If you are interested in checking DisQuiet Time out there is a whole site of information here

Happy Reading!

Advertisements

A Few Of My Favorite Things in 2011

Wow! 2012 is taking off in a hurry.  

I have almost waited too long to post any kind of reflection about last year!  However, I do want to say something about 2011 so here are a few of my favorite things in 2011.

~~~~~~~~~~~~~~~~~~~~

Adele.  Sure they overplayed her songs on the radio but before that happened there were those times when hearing her sing was one of those “I’m glad to be alive” moments.  So I can’t make a list of favorite things from last year without including Adele.  

~~~~~~~~~~~~~~~~~~~~

Pinterest.  I heard about it and didn’t think it sounded interesting.  I tried it anyway and immediately loved it.  Pinterest is a place to organize and share online images that you find interesting or inspiring. Once uploaded or shared on Pinterest, these images become known as Pins, which the user can place on customized, themed Boards. You can create Boards for any topic imaginable, from cats to classic cars to cats driving classic cars. The possibilities are endless. It’s a lot more fun than it sounds. 

~~~~~~~~~~~~~~~~~~~~

Synchroblog.  It’s not new but it remains one of my favorite things year in and year out.  A synchroblog is a collection of similar articles or posts made by a group of bloggers who have agreed to blog on the same topic on the same day.  The synchroblog group that I participate with has a different theme each month – such as “The Devil Made Me Do It“, “Hope” and “Experiences In The Wilderness“.  I love it because it keeps me writing, connects me with other bloggers and gives me a chance to hear a variety of voices.  If you like to blog you should try it out. 

~~~~~~~~~~~~~~~~~~~~

Timeline.  Yes, I like timeline.  I have always wished that it was easier to look back at something on Facebook and I also wished for a more visual experience.  I think that timeline delivers both of those things without losing any of the features that I like about Facebook.  I know there has been a lot of complaining but I don’t pay much attention to that as it happens everytime Facebook makes any changes.  Timeline was definitely one of my favorite things in 2011! 

~~~~~~~~~~~~~~~~~~~~

Photo Books.  I created some online photobooks for the first time last year, ordered printed copies and absolutely loved them!  I love digital photography but I also love having a printed version of a photograph. The photo books are a perfect was to enjoy a collection of printed photographs! I used Mixbook and liked the process and end product. There were lots of styles/themes to choose from and I had the ability to customize everything.  I already have plans for more photo books this year.  

~~~~~~~~~~~~~~~~~~~~

Paste Magazine.  Paste is a leading online destination for pop-culture enthusiasts, covering music, movies, TV, books and video games. Each month you get 4 issues, 28+ high-quality downlodable MP3s, exclusive videos, in-depth articles and more for only $2.99. You can pay monthly, cancel at any time, and never miss an issue!  I love Paste Magazine!

~~~~~~~~~~~~~~~~~~~~

The Girl With The Dragon Tattoo by Steig Larson.  The book trilogy (Dragon Tattoo Trilogy) and the movie (only the first one is a movie at this point)!  The characters are rich and interesting, the stories unique and dark.  I was intrigued throughout all three books and for a change I thought the movie was just as good.  I suggest reading the books first and then seeing the movie.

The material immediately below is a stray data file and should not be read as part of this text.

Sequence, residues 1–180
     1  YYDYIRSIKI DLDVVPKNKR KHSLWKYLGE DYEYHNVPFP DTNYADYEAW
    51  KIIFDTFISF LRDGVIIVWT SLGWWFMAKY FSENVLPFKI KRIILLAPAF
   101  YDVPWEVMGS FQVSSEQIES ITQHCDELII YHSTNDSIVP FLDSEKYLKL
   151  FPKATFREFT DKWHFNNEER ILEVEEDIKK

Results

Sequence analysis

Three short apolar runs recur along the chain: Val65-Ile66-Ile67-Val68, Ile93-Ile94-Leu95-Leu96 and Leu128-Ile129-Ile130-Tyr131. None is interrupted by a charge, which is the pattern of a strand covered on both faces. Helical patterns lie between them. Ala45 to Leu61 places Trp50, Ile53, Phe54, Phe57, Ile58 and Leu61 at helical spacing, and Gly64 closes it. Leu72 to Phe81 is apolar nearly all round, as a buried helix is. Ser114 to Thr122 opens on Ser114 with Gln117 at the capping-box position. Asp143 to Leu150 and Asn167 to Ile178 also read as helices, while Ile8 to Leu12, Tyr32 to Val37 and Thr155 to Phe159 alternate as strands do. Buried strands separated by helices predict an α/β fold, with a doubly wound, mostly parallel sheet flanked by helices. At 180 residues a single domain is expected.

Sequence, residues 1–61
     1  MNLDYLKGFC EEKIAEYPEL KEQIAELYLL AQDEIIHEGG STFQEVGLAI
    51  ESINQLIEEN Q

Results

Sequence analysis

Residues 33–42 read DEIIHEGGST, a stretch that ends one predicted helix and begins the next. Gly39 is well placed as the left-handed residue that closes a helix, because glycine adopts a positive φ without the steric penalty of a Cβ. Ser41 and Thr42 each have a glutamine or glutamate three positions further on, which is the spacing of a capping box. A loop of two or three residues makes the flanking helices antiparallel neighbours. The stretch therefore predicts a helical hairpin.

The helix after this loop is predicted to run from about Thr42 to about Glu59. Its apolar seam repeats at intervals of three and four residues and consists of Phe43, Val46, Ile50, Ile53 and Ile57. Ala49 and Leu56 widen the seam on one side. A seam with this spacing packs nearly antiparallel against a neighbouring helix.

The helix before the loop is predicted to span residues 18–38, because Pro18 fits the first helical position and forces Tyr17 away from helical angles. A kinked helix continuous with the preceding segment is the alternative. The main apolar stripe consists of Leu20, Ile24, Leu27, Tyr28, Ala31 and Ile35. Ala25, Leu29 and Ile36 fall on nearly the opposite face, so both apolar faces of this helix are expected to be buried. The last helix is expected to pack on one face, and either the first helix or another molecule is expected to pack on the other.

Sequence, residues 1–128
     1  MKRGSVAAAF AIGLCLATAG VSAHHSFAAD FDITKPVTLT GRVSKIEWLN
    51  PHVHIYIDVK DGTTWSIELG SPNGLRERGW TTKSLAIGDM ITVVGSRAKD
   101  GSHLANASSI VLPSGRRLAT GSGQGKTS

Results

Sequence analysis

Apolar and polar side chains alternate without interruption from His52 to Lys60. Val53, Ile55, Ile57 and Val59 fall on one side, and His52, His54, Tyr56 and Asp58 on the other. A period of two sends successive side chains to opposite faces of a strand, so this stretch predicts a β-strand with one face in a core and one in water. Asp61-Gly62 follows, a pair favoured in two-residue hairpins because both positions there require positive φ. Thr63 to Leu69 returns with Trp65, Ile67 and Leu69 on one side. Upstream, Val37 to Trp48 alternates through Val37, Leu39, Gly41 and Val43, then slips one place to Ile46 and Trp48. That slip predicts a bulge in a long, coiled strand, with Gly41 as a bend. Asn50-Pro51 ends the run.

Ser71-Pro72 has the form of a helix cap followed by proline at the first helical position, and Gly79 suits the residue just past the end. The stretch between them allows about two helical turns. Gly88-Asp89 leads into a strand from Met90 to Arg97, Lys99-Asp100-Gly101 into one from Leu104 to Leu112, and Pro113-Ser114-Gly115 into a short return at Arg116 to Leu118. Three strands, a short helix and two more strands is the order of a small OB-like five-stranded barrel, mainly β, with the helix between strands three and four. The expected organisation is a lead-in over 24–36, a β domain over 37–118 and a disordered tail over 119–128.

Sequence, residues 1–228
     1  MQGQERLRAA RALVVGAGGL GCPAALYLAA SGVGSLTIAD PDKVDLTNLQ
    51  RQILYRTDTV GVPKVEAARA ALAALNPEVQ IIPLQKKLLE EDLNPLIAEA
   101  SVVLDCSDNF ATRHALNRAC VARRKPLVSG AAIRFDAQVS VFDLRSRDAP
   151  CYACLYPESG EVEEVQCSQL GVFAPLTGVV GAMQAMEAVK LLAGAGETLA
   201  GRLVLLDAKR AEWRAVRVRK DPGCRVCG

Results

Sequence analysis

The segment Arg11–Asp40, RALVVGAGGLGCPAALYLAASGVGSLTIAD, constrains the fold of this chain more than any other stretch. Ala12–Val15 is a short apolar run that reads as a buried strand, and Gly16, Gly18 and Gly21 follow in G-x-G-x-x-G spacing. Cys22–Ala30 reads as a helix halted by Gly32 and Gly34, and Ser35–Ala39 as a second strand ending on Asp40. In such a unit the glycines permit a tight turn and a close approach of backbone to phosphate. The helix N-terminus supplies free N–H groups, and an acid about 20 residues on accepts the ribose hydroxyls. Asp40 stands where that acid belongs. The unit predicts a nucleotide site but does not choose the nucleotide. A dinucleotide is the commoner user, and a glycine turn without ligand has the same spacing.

~~~~~~~~~~~~~~~~~~~~

Provoketive Magazine.  It’s like a blog but better. Provoketive Magazine is an online space of rich conversation about life, faith, justice and culture. The desire is to provoke the reader’s imagination through conversation and open up spaces of dialogue, learning, and hope.  It is one of the fastest growing online magazines and has over 120 writers contributing to it’s content. If you would like to contribute to Provoketive, begin here

~~~~~~~~~~~~~~~~~~~~

The Help. I always see a lot of movies and this past year was no different. At one point during the year I had been to the same theatre 14 weeks in a row (at least that is what Foursquare reported to me). As usual I saw the good, the bad and the ugly. The Help was one of the good ones. I had read the book quite a long time before the movie released and had almost forgotten how much I liked the book. The movie reminded me how good the book was and I was pleasantly surprised that the movie was just as good (although the book did have some great story lines that weren’t covered much in the movie). I am glad to see it is getting some recognition and hope to see it win some more awards during the Oscars later this month.  

~~~~~~~~~~~~~~~~~~~~

Spotify. Oh, how I love Spotify.  Who would have ever believed that there would be an app that was free where you could listen to practically any song you knew anytime you wanted!  On top of that Spotify has all sorts of social networking features that help you share the music you are listening to and discover new music when your friends share what they are listening to with you.  It’s amazing!!!!  And for a small monthly fee you can even take it with you on your smart phone, your ipad or your ipod!  Amazing!!!!!!!!! 

~~~~~~~~~~~~~~~~~~~~

Those were a few of my favorite things in 2011.  What were some of yours?

12 Movies and a Novel

This post is part of the August Synchroblog: Summertime, Summertime, Sum Sum Summertime in which we were invited to share our favorite books and/or movies of the summer.  Be sure and check out the list of contributions to this months synchroblog which I will list at the end of this post as they become available.  To learn more about the synchroblog please visit the Synchroblog site.

When hubby and I went to see Rise of the Planet of the Apes this past weekend I checked in on Foursquare at our favorite theater (of which I am the Foursquare Mayor) and received a message saying that I had achieved a new record because I had checked in “12 weekends in a row” at this particular theater.  12?  Could it really be 12?  We do love to go to the movies, but I wasn’t sure if I could remember 12 movies I had seen in the last three months.